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In re M.E.

Supreme Court of Vermont

December 27, 2019

In re M.E., Juvenile

          On Appeal from Superior Court, Windsor Unit, Family Division Elizabeth D. Mann, J.

          Matthew Valerio, Defender General, and Rebecca Turner, Appellate Defender, Montpelier, for Appellant Juvenile.

          David Tartter, Deputy State's Attorney, Montpelier, for Appellant State.

          Michael Rose, St. Albans, for Appellee Mother, and Allison N. Fulcher, Barre, for Appellee Father.

          Present Reiber, C.J., Robinson, Eaton and Carroll, JJ., and Grearson, Supr. J., Specially Assigned

          CARROLL, J.

         ¶ 1. Juvenile M.E. appeals the family division's dismissal of the State's petition to declare her a child in need of care or supervision (CHINS). The State joins in the appeal. We affirm.

         ¶ 2. In May 2019, the Department for Children and Families (DCF) filed a petition alleging that M.E. was without proper parental care as provided in 33 V.S.A. § 5102(3)(B). The CHINS petition was based on mother's admitted use of heroin on one occasion and allegations that M.E. had been exposed to drug use and paraphernalia while in the care of her parents. The court issued an emergency care order transferring custody to DCF. After a temporary care hearing, custody was continued with DCF. A merits hearing was held on August 7, 2019. In a written order issued on August 12, the court concluded that the State had failed to establish the merits and dismissed the petition.

         ¶ 3. The court made the following findings in its order. At the time the CHINS petition was filed, M.E. was almost five years old. She lived with mother and father in an upstairs bedroom of the home of father's grandmother. Father worked long hours and mother stayed home with M.E. In early 2019, mother began working approximately twenty hours per week, during which time M.E. was cared for by father's mother or grandmother.

         ¶ 4. In May 2019, family members filed reports with DCF expressing concern that mother, father, and M.E. did not spend much time with the family, appearing only for meals. They observed that both parents seemed to have lost weight, had swollen hands, and seemed less involved with M.E. M.E. appeared dirty and unbathed. Her hair was snarled and she wore the same clothes for two to three days at a time. Mother and father have had addiction issues in the past.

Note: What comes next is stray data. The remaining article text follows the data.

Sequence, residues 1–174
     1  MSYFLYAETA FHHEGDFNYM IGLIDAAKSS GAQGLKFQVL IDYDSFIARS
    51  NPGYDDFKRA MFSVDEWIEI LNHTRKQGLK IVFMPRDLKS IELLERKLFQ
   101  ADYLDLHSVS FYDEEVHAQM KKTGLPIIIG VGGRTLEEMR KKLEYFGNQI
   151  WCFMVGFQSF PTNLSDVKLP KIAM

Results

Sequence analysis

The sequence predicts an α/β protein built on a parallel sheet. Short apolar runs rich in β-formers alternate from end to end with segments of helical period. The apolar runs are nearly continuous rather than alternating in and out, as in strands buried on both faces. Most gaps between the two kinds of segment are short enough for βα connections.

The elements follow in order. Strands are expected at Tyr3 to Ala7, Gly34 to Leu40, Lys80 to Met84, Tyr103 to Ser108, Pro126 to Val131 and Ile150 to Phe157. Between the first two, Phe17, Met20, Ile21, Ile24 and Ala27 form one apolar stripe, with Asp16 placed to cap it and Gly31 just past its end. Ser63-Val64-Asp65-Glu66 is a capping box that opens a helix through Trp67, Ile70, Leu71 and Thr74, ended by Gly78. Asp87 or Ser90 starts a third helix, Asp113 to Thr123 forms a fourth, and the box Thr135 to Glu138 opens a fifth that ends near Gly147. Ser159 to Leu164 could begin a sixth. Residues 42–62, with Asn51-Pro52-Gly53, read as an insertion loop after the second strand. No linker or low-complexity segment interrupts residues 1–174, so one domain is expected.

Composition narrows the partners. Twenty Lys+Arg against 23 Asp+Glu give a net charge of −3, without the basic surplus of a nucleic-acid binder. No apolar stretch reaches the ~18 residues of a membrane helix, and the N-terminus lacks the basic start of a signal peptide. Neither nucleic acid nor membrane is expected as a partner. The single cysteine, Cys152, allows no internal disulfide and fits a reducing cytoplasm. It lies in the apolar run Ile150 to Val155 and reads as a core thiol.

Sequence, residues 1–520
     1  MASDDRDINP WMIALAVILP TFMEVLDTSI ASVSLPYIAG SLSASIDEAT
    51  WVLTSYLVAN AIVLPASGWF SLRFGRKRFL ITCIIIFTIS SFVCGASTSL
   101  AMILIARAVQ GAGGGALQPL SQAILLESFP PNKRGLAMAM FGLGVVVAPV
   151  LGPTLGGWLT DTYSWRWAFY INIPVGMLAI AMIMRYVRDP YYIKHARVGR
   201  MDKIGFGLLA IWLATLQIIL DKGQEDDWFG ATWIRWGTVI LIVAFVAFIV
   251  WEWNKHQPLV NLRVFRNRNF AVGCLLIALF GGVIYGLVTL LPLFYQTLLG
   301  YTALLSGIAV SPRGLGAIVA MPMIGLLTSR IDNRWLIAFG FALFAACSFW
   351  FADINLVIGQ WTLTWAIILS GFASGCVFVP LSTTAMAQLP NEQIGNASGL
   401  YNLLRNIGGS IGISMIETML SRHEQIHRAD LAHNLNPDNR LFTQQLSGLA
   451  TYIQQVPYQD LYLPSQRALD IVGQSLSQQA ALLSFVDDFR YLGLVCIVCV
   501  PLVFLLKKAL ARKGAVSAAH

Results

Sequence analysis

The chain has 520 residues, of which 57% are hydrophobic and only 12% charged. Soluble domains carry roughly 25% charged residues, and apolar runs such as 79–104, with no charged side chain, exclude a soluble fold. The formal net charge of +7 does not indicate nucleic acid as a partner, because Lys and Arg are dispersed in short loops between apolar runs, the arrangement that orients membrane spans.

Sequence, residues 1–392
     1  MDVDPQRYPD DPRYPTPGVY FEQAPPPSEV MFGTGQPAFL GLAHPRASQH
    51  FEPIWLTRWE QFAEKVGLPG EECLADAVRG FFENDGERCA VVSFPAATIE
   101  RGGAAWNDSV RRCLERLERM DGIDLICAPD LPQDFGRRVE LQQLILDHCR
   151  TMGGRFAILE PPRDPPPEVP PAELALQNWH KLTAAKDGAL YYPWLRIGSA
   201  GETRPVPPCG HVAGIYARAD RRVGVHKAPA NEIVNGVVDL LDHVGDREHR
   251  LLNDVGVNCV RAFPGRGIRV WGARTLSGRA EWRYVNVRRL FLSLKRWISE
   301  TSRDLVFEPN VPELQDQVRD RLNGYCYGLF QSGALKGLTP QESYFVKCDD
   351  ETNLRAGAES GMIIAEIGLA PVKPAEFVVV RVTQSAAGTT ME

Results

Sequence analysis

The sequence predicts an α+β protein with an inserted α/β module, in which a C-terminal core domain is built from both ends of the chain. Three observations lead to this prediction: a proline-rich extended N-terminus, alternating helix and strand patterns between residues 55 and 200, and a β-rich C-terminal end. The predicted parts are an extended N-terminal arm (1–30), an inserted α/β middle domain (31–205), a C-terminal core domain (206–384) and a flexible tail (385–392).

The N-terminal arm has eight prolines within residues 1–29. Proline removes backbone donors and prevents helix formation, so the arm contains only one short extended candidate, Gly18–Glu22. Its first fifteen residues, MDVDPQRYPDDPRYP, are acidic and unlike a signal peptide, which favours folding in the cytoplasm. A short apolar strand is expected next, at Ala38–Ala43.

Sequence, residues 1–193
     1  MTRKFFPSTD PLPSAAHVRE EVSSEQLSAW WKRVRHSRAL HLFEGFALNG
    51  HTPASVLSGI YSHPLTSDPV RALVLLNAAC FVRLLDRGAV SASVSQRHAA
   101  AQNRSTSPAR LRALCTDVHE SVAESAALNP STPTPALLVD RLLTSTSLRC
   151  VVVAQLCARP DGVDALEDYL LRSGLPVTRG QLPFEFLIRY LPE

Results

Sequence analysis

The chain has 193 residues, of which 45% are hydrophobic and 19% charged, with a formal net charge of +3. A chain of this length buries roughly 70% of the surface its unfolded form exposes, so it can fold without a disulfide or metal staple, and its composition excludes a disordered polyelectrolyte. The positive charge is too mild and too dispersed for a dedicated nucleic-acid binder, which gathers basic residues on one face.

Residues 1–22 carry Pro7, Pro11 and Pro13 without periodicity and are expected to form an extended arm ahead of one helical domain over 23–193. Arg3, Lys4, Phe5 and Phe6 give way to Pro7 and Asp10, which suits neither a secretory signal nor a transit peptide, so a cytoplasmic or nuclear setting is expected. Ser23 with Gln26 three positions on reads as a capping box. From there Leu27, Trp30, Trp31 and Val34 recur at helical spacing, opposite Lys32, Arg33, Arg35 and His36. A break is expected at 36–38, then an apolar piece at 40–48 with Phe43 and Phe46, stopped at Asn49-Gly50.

¶ 5. On May 21, 2019, a DCF case worker visited the home. When he arrived, mother and M.E. were stepping outside to play. He observed that mother's pupils were small and she seemed shaky. He acknowledged that the sun was shining at the time. He did not observe M.E. to be dirty, unbathed, or unkempt.

         ¶ 6. Mother told the case worker that she had used heroin once within the past week to address tooth pain. She agreed to sign up for substance-abuse case management. The case worker also spoke to M.E., who stated that there were "little baggies with white stuff in them in the bedroom." During this conversation, mother went into the house "to take care of something."

         ¶ 7. When mother returned, the case worker asked to see the bedroom where M.E. lived with mother and father. The room was dark and filled with mattress-height clutter that blocked access to the windows. On the desk in the room, accessible to M.E., were vape cartridges containing a small amount of oil. There was also a dusty shelf with a square void. M.E. reported the space was where "Daddy's box," in which he kept the baggies with white stuff, had been earlier in the day. Mother said the space was where father kept a box containing his work knives. Father is a cook in a restaurant.

         ¶ 8. Mother agreed to a safety plan under which M.E. would stay with cousins and mother would stay with a friend. The case worker testified that this plan was created because mother said she was afraid of repercussions from father when he heard about DCF's visit. At the hearing, mother denied that she was ever afraid of father. She returned to stay with father on the following Friday. The same day, she reengaged in substance-abuse treatment with her provider at Connecticut Valley Recovery Center. DCF decided to seek an emergency-care order after it learned that mother had returned to the home.

         ¶ 9. The court found that father had "displayed some physically aggressive behaviors" after his grandfather died when father was in his early twenties. The court found that father was now thirty-eight years old and there was no evidence that he had continued to be physically aggressive. Father voluntarily completed an anger-management program after undergoing intensive outpatient treatment several years ago while he was under supervision of the Department of Corrections. The DCF case worker stated that when he was able to speak with father about M.E., father was "standoffish" and terminated the conversation before a safety plan could be discussed. The court found this account to be credible. However, it noted that the case ...

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